Malcolm Gladwell has built a career on making cute, thought-provoking, sometimes specious connections between the seemingly unconnected. By analyzing, say, the heights of Fortune 500 CEOs or the birthdates of professional hockey players, the author tries to reveal our unspoken preferences and prejudices, and to highlight in a new way where we are going wrong.

And he was too cute by half last week when, on his new podcast, he criticized Bowdoin College in Brunswick for offering high-quality food in its cafeterias, supposedly at the expense of offering aid to low-income students.

In doing so, Gladwell pointed to what is certainly an escalating problem in higher education – the relative dearth of low-income students. However, that problem isn’t caused by the menu at Bowdoin.

BOWDOIN IS THE WRONG TARGET

In the podcast, Gladwell compares Bowdoin with Vassar College, a similar liberal arts school in Poughkeepsie, New York. Twenty-two percent of the students at Vassar qualify for need-based Pell grants, compared to only 14 percent at Bowdoin. The difference, according to Gladwell, is that Bowdoin has a top-flight food service program, while Vassar, apparently, serves barely edible scraps, using the savings to reach out to low-income students.

Gladwell doesn’t mention – or never knew – that food service at Bowdoin is self-supporting, paid for by the students who use it, and that by one expert’s estimation, the total funding for food service, if shifted, would help only about 11 students a year.

He also doesn’t note that Bowdoin is one of the few colleges remaining that uses need-blind admissions, ensuring that admission decisions aren’t based on which students can pay, and that it doesn’t require loans as part of aid packages.

Bowdoin’s PR staff made those points in the school’s blistering response to Gladwell.

But they didn’t make this one – Bowdoin’s share of Pell-eligible students is right around average for similar schools, part of a worsening trend that threatens to exacerbate the stark inequality already at play in the United States. Almost across the board, the country’s top institutions of higher education are failing to attract students from poor families.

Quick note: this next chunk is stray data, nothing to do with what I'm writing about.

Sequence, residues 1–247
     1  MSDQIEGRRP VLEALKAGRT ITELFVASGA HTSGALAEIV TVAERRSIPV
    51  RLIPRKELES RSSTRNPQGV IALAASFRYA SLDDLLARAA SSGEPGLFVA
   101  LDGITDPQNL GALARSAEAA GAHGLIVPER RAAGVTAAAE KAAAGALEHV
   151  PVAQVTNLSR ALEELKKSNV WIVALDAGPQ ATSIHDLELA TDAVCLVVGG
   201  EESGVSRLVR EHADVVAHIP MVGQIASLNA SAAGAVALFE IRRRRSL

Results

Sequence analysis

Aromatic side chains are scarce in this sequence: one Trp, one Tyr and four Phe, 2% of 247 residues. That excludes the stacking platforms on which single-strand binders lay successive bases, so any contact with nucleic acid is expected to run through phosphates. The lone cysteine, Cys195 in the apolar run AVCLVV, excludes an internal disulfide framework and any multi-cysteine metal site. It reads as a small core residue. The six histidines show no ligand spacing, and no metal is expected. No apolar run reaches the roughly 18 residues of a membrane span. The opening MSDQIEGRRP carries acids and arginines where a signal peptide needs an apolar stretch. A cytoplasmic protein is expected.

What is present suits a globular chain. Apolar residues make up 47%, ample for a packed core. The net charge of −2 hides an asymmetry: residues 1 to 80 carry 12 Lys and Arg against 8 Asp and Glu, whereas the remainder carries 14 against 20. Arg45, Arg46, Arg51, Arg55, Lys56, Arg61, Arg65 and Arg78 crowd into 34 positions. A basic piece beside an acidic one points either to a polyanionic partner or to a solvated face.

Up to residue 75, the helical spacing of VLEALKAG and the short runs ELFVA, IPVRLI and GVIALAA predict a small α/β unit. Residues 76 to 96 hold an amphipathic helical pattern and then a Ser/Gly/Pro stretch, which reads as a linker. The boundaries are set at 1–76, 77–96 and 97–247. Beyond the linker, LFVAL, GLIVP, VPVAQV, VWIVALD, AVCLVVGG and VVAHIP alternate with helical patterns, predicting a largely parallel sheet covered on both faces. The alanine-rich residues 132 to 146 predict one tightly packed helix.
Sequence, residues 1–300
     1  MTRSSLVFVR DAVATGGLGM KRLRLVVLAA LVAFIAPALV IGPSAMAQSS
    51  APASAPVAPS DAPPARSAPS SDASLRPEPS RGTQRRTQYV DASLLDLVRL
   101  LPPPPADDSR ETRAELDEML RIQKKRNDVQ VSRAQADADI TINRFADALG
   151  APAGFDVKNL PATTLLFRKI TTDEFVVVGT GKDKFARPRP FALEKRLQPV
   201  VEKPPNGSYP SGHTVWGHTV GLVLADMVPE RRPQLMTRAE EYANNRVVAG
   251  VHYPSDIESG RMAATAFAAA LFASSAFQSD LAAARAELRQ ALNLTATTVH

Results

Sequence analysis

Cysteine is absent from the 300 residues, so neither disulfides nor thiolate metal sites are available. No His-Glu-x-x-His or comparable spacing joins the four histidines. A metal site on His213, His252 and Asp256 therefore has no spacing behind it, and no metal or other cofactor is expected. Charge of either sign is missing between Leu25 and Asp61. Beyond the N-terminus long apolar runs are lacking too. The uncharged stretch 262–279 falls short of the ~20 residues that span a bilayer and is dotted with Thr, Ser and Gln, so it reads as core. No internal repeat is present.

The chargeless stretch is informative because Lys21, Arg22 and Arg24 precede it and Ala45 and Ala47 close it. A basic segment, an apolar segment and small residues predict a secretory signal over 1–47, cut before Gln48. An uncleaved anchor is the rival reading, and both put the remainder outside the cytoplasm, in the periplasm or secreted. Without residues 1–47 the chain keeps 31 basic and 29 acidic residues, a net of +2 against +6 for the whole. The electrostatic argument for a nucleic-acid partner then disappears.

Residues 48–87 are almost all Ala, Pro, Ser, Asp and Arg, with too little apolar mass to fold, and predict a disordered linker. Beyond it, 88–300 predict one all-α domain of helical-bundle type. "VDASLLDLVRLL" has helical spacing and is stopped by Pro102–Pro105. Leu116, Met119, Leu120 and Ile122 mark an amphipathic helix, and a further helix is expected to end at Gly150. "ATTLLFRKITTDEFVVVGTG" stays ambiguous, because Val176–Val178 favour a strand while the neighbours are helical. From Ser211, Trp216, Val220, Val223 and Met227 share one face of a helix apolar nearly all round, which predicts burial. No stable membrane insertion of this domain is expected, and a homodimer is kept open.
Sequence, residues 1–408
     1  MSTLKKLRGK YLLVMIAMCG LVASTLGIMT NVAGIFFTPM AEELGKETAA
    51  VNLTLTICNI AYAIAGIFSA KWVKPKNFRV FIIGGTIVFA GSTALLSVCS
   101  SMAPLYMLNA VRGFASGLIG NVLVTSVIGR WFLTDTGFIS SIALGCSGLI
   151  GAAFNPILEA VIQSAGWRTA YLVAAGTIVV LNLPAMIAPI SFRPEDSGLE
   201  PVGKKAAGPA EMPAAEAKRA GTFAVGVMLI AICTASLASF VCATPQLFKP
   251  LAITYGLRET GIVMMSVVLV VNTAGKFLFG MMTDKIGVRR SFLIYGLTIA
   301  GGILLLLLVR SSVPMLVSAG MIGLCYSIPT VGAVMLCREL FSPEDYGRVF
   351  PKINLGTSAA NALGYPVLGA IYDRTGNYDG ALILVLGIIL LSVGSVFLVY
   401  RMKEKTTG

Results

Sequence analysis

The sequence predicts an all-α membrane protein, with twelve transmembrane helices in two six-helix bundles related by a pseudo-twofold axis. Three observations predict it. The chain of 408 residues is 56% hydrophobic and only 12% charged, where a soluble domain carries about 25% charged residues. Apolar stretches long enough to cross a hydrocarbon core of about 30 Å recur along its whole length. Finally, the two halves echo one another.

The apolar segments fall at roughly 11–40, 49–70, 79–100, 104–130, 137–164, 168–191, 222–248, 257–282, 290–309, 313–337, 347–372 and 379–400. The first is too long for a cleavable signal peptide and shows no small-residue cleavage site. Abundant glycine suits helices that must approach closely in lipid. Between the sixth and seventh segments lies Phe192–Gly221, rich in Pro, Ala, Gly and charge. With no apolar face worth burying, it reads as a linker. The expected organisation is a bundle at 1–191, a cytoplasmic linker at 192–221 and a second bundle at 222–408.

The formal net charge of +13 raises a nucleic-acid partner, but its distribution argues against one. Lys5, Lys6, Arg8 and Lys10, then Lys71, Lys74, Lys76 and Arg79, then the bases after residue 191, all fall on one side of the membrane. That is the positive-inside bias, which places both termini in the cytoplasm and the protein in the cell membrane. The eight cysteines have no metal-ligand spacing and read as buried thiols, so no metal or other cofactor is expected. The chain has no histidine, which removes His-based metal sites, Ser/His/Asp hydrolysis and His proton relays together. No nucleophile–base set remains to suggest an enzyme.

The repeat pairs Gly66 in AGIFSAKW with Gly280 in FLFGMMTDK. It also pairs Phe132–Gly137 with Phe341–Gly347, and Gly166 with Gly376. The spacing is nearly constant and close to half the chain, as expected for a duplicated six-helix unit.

TOP SCHOOLS ARE FALLING SHORT

According to a recent Jack Kent Cooke Foundation study, 72 percent of the students at America’s most competitive institutions of higher learning come from the wealthiest 25 percent of the population, while only 3 percent come from the poorest 25 percent.

Part of the problem is informational. Only about 23 percent of high-performing low-income students even apply to a selective school.

Better outreach would help – simply putting an admissions packet in a student’s hand increases the likelihood they will apply.

But the problem is also institutional. Low-income students often cannot afford to take test preparation classes, participate in extracurricular activities, or even visit the schools in question, all making them lesser candidates for admission.

What’s more, colleges and universities, particularly public schools that have seen their funding cut, need to attract students who can afford to pay full tuition.

This need is only made more dire by the “amenities arms race,” in which colleges build larger and more opulent living and recreational facilities in order to attract students, driving up debt.

Something is needed to counteract those perverse incentives. Increased funding for public colleges and universities would help, as would a requirement for schools to disclose the income breakdown of their student body.

Perhaps then they would be shamed into admitting more low-income students, by implementing, like Bowdoin, need-blind admissions, or by giving preference to poor students, just as preference is already given to athletes and the children of alumni.

Those are real solutions, unlike making Bowdoin switch from pesto chicken pizza to Salisbury steak.